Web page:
Google has just launched its new music streaming and sharing service, and is setting out to emphasise its differences from what's offered by big rival Apple.
And the main differentiation is that Google Music offers users a free 'virtual locker' which can be used to store up to 20,000 songs. While Apple's similar facility has capacity for 5,000 more, this costs a $25 (GBP16) annual subscription.
The ability to share music is expected to give a boost to Google+, the company's fledgling social media channel, as users will be able to share songs they have bought with their other contacts in their social network.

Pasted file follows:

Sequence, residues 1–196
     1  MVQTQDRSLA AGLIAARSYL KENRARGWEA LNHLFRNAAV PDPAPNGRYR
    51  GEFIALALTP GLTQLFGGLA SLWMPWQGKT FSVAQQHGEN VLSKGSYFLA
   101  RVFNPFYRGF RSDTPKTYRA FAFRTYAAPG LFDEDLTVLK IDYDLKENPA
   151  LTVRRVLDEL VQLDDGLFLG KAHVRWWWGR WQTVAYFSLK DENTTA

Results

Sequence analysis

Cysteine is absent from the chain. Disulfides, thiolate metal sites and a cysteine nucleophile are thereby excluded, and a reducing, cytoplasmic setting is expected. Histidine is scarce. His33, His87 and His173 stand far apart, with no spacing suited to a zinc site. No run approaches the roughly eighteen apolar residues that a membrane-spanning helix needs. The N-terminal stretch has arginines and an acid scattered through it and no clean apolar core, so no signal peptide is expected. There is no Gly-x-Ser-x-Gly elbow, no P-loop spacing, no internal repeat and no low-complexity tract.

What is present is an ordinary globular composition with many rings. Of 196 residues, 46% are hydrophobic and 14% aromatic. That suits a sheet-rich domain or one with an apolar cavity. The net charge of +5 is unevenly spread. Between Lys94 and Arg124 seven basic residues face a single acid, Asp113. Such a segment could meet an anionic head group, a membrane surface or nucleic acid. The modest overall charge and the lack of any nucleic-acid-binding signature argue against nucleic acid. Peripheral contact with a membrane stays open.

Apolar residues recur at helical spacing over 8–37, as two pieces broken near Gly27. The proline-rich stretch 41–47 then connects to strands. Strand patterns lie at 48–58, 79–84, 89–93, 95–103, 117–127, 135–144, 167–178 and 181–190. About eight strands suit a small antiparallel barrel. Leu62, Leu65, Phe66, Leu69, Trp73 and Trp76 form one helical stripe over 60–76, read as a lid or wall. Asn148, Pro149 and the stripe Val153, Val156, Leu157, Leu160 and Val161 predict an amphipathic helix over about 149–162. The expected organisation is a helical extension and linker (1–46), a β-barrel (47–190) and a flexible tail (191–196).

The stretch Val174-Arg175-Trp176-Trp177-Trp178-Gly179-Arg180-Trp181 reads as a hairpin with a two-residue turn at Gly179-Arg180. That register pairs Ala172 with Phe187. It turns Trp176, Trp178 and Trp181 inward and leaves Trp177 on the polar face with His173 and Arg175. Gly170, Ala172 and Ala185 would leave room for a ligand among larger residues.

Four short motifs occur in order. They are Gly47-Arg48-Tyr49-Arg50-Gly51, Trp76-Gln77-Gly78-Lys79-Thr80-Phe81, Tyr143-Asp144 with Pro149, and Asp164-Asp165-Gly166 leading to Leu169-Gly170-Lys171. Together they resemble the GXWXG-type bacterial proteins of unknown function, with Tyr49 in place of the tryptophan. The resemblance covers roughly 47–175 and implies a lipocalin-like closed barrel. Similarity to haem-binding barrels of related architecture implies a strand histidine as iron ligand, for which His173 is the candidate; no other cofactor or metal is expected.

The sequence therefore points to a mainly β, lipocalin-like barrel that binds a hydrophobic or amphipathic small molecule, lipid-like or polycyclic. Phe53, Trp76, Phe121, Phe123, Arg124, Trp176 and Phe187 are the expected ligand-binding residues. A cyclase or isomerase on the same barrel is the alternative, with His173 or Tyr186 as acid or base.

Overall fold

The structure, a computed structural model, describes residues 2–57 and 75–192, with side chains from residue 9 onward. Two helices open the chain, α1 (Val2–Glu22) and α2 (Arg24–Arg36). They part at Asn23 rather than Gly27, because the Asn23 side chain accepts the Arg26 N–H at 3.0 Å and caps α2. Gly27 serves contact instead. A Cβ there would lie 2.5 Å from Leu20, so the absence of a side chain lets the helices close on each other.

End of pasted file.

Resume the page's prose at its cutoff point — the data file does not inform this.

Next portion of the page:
There is a limit on the number of songs which can be shared, but Google is clearly aiming to make this a distinction between its music service and that of Apple.
It remains to be seen whether the arrival of a music store will boost the sales of Android smartphones – even though the system seems to have been doing quite well without it. Figures released earlier this week showed that more than half of all smartphones sold ran on the Google platform, while Apple's operating system was only taking about 15 per cent of total sales.
Writing on the Allthingsdigital news site, Peter Kafka said that Google Music “isn